Shoes of Prey closes US$5.5 million Series A and adds two significant heavyweights to the family - Startup Daily
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Shoes of Prey closes US$5.5 million Series A and adds two significant heavyweights to the family

Shoes of Prey announced today that it has just closed a further US$5.5 million in Series A funding to help accelerate its next chapter of growth and expansion across the US market. The round was led US based Khosla Ventures; and other investors of note include Andy Dunn, Co­-Founder and CEO of Bonobos, David Spector, Former Partner at Sequoia Capital, and Heidi Zak, Co-­Founder of ThirdLove. There were also existing investors who that put money into this round including Blackbird Ventures, Mike Cannon-­Brookes (Co­-Founder of Atlassian), Bill Tai and Southern Cross Venture Partners.

The startup was founded in 2010 by Jodie Fox (CCO), Michael Fox (CEO) and Mike Knapp (CTO), and in less than four years has started to change the face of online retail across the country with many iterations of the ‘create your own’ style shopping experience starting up all over the country across various product verticals including sunglasses, swimwear, handbags and suits. Some, like tailor-made suit startup Institchu has been able to emulate the success that Shoes of Prey have demonstrated, and others have not.

The key to this seems to be a solid back-end infrastructure, something which Shoes of Prey has always concentrated on getting right from the beginning. This has enabled the company to reach multimillion dollar revenues within two years and expand to a staff of 75 across six global offices.

The company is truly an end-to-end play nowadays; it opened its first dedicated factory last year to ensure that the rate at which they were scaling was within their complete control and that service levels remained at the height that they were. The team is in the preparation phase of opening a second facility that will have five times the capacity of the first, enabling them to keep up with the output needs that growth requires them to.

As an indication of this growth, Shoes of Prey claims that this year it has sold 50% more shoes than it did in 2013; and plans for next year include adding more customisable combinations to its already 3 trillion design options available.

As reported previously, Shoes of Prey is unique in the online retail world, due to its dual tech / bricks and mortar approach which has seen the company close some very significant strategic partnership deals both in Australia and across the United States. These deals include boutiques in Sydney like the David Jones department store and Nordstrom’s Bellevue store which opened late last month. The Nordstrom deal, which is also an exclusive deal, is a critical part of the US expansion, where Shoes of Prey will be rolling out across a further five stores in the next year.

One of the reasons that larger retailers are finding relationships like the one with Shoes of Prey so attractive is because it creates a different level of engagement with the customer, and blends the online and bricks and mortar experience together. Perhaps the biggest win for department stores though, that judge brands within their space on a ROI based purely on revenue per square foot, Shoes of Prey has proven to be quite an attractive option given: (a) the fact they don’t sell ‘stock’ per se and therefore don’t carry any real significant inventory in its space; (b) the variety attracts a higher return rate of customer; and (c) they only need a small boutique space to operate from. All of these combined mean that, like it has in the Sydney David Jones store, Shoes of Prey delivers a higher income per square foot to department stores.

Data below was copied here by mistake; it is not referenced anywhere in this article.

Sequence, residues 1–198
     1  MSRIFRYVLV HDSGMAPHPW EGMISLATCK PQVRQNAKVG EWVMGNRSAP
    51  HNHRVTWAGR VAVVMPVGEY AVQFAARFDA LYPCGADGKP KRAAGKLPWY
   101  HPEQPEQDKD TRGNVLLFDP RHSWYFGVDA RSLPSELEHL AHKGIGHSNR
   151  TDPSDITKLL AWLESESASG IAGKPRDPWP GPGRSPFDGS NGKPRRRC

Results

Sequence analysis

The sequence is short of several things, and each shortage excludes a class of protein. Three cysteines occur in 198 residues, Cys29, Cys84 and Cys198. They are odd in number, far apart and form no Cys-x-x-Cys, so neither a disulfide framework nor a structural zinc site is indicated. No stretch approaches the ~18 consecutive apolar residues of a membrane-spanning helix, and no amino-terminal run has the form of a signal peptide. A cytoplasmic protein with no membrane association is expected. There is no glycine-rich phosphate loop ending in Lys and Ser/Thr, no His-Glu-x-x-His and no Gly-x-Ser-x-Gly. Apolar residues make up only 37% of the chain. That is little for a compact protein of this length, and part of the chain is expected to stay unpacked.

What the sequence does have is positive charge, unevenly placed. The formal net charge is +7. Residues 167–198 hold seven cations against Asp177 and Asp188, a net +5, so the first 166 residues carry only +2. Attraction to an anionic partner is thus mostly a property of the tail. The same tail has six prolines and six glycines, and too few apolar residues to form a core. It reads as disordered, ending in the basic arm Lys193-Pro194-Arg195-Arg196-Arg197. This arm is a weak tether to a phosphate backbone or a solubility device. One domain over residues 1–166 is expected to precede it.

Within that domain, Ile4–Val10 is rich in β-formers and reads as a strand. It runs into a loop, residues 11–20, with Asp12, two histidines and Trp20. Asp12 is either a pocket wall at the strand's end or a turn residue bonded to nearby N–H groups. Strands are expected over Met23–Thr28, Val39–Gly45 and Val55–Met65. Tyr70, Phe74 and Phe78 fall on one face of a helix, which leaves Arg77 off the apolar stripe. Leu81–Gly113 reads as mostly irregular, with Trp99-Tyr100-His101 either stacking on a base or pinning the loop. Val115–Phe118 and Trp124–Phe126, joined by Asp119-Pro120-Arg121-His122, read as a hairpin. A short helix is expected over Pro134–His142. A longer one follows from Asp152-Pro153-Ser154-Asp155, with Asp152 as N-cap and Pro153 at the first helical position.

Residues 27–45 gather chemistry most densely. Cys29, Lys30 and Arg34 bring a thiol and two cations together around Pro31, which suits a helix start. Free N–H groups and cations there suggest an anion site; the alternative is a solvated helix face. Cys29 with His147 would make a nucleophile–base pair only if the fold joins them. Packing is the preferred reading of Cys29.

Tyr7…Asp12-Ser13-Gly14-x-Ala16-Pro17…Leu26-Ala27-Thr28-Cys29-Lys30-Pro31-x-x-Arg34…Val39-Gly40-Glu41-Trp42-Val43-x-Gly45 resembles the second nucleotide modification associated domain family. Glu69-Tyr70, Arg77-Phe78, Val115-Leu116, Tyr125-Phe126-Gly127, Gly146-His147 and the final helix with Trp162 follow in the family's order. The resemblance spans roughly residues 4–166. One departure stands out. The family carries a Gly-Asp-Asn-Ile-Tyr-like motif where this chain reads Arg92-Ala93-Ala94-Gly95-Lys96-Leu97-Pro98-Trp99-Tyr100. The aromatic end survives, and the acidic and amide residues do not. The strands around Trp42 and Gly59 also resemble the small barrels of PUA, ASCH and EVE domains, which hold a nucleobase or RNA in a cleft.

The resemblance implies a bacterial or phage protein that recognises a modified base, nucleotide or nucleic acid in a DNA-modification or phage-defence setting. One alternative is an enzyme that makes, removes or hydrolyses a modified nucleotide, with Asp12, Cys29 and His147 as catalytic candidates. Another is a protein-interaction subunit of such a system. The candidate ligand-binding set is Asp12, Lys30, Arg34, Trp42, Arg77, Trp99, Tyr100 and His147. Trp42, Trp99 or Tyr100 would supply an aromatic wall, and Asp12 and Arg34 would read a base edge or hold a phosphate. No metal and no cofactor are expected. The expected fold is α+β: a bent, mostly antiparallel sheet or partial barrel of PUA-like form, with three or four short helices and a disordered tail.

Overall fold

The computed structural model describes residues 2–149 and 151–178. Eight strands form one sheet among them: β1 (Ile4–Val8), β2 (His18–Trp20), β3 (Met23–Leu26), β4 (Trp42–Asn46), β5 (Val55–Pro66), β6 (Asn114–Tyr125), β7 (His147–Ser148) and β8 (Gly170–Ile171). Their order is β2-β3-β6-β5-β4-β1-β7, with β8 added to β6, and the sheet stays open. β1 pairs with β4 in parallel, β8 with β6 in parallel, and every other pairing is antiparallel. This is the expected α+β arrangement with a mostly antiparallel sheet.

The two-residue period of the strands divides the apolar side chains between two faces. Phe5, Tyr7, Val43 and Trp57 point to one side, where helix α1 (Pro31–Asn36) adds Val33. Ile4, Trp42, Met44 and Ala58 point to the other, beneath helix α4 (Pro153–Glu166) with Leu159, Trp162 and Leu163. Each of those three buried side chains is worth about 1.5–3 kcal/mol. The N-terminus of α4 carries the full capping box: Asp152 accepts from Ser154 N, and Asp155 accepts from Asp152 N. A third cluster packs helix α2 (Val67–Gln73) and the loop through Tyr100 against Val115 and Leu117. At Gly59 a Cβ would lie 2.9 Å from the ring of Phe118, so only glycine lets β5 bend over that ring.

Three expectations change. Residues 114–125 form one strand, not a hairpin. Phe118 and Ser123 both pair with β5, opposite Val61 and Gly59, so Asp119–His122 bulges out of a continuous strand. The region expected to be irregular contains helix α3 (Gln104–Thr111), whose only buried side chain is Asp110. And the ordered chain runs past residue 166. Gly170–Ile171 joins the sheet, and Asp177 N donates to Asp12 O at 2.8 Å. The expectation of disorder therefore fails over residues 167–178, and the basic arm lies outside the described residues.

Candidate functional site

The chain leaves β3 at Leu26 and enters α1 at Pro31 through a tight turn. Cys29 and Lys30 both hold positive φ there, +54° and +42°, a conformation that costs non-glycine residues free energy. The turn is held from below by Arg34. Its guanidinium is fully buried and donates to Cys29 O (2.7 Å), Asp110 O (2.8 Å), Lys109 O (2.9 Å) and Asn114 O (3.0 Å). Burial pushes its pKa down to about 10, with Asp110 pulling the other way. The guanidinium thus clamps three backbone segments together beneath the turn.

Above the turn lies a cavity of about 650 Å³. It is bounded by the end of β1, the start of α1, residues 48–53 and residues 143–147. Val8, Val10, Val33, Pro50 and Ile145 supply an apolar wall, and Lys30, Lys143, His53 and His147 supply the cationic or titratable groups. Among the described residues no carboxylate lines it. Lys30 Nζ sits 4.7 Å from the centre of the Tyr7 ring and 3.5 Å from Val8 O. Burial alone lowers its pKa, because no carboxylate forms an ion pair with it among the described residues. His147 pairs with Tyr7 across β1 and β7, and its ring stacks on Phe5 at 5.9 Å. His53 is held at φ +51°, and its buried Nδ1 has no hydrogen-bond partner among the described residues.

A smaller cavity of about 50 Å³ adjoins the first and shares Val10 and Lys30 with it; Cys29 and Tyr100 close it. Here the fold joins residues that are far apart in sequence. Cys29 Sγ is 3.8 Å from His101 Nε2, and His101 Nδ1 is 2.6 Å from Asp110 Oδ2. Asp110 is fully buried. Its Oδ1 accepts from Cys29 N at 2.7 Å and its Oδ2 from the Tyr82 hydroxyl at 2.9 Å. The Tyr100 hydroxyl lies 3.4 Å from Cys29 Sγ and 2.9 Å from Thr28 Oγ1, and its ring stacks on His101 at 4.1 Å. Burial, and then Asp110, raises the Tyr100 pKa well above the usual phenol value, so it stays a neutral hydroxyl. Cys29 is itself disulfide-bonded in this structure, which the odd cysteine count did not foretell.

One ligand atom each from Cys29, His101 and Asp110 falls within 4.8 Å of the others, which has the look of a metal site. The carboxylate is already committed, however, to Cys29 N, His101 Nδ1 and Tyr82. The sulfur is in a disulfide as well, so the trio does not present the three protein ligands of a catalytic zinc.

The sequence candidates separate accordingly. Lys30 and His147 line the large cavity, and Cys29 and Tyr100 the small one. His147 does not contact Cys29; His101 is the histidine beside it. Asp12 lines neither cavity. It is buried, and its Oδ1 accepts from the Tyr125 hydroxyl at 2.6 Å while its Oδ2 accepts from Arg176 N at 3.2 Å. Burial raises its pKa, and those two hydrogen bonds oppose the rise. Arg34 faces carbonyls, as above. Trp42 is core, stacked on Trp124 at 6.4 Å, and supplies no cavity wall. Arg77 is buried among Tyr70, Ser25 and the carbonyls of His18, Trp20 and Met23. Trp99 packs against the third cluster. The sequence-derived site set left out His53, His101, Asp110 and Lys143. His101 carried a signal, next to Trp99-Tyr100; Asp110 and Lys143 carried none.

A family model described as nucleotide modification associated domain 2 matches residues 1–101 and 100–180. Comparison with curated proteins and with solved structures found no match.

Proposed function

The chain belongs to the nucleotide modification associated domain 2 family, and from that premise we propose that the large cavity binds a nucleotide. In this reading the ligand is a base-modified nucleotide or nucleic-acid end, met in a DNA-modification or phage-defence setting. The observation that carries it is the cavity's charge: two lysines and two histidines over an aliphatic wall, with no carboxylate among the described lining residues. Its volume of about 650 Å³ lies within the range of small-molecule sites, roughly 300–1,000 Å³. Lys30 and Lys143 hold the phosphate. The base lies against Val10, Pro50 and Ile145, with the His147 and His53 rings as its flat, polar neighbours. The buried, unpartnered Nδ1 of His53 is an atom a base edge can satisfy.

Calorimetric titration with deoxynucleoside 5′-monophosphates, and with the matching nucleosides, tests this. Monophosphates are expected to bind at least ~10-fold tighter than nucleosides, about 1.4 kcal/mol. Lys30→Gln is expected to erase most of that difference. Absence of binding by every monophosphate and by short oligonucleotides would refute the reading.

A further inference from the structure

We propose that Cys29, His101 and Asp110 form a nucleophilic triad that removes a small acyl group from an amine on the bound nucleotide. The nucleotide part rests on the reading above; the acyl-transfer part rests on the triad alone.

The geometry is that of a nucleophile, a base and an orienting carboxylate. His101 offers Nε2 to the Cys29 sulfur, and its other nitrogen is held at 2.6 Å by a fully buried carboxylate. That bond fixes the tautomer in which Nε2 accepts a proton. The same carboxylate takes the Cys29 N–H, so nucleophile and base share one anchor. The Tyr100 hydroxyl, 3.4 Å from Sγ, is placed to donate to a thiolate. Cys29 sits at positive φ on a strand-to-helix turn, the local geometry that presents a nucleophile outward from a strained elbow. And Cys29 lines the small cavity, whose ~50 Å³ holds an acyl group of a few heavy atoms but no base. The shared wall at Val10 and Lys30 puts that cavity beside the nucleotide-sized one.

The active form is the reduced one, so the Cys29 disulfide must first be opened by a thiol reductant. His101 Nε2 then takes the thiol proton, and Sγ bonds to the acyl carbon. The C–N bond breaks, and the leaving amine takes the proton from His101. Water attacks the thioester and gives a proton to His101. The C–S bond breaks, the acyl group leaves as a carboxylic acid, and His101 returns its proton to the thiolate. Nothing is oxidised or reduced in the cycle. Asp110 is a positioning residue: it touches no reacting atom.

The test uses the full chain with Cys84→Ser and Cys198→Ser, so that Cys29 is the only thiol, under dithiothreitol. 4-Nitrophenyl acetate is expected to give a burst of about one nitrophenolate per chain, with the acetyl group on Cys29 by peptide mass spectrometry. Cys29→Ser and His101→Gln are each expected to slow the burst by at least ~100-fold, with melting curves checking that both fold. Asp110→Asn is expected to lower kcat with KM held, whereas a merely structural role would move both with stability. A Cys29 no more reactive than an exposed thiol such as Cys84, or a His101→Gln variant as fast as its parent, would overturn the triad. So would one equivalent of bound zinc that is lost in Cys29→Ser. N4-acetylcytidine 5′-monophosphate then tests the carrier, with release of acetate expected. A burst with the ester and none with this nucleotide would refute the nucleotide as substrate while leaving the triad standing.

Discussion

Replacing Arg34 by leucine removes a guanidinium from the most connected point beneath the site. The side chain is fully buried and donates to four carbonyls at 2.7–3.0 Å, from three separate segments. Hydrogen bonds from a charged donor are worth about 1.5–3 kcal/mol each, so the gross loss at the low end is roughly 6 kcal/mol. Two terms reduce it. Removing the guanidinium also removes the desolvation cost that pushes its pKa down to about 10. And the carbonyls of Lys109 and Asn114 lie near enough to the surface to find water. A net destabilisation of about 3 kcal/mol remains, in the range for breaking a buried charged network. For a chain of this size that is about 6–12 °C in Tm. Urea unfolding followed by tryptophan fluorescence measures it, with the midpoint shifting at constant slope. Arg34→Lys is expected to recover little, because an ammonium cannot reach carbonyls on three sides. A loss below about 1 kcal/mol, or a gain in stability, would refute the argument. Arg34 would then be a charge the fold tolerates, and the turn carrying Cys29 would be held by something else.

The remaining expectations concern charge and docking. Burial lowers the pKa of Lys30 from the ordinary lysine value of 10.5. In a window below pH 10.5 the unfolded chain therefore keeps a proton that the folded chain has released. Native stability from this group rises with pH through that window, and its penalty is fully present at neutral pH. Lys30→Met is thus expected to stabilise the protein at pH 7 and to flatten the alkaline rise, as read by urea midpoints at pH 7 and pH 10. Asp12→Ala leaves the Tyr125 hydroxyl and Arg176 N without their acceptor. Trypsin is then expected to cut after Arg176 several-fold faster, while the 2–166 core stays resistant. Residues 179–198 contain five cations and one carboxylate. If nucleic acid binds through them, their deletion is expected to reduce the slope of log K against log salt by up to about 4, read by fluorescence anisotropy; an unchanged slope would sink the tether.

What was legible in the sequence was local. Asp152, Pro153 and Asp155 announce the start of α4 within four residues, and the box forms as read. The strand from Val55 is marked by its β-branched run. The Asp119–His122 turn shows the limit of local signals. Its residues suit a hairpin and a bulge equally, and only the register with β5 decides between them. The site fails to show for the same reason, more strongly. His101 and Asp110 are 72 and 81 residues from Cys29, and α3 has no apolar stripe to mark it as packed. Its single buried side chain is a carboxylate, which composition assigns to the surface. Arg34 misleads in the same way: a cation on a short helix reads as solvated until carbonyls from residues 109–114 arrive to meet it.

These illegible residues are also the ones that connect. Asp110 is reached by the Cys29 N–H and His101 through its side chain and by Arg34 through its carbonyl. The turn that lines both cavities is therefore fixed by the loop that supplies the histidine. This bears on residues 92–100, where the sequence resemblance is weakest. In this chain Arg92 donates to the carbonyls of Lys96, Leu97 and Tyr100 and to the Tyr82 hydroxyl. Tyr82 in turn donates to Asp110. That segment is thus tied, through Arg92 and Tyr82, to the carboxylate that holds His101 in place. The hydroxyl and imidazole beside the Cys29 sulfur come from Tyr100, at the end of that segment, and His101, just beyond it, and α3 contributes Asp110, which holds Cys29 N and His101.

A noteworthy aspect about this recent funding round is the two Silicon Valley heavyweights that have now become part of the Shoes of Prey family. Vinod Khosla, founder of Khosla Ventures is extremely accomplished in transforming tech companies and leading them towards an exit or IPO. Andy Dunn is the co-founder of Bonobos, which plays in the ‘create your own’ space across the men’s fashion vertical.

Andy Dunn of Bonobos | Photo: Alexander Thompson | Source: Business of Fashion
Andy Dunn of Bonobos | Photo: Alexander Thompson | Source: Business of Fashion

Dunn’s business, which currently has revenues in excess of US$40 million, has a very similar model to that of the road Shoes of Prey is venturing down. Already Dunn has set up a number of small experiential retail stores which he said have been the company’s most profitable acquisition tool to date. He also has a similar deal with Nordstrom for Bonobos; and his relationships across the high-end fashion space will certainly come in handy as Shoes of Prey looks to enter further into this space across the States.





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